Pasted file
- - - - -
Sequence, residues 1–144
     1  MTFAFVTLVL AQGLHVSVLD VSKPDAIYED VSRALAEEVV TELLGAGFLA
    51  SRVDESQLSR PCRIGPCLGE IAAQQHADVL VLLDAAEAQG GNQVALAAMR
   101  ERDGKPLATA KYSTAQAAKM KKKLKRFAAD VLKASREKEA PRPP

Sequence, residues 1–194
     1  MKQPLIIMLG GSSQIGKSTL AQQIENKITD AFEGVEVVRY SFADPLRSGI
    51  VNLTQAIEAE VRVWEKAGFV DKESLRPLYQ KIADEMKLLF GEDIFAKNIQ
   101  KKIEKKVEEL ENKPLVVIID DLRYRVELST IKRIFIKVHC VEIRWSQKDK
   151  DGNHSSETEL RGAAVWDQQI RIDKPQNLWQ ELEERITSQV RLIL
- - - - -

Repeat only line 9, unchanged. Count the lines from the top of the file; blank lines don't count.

   151  DGNHSSETEL RGAAVWDQQI RIDKPQNLWQ ELEERITSQV RLIL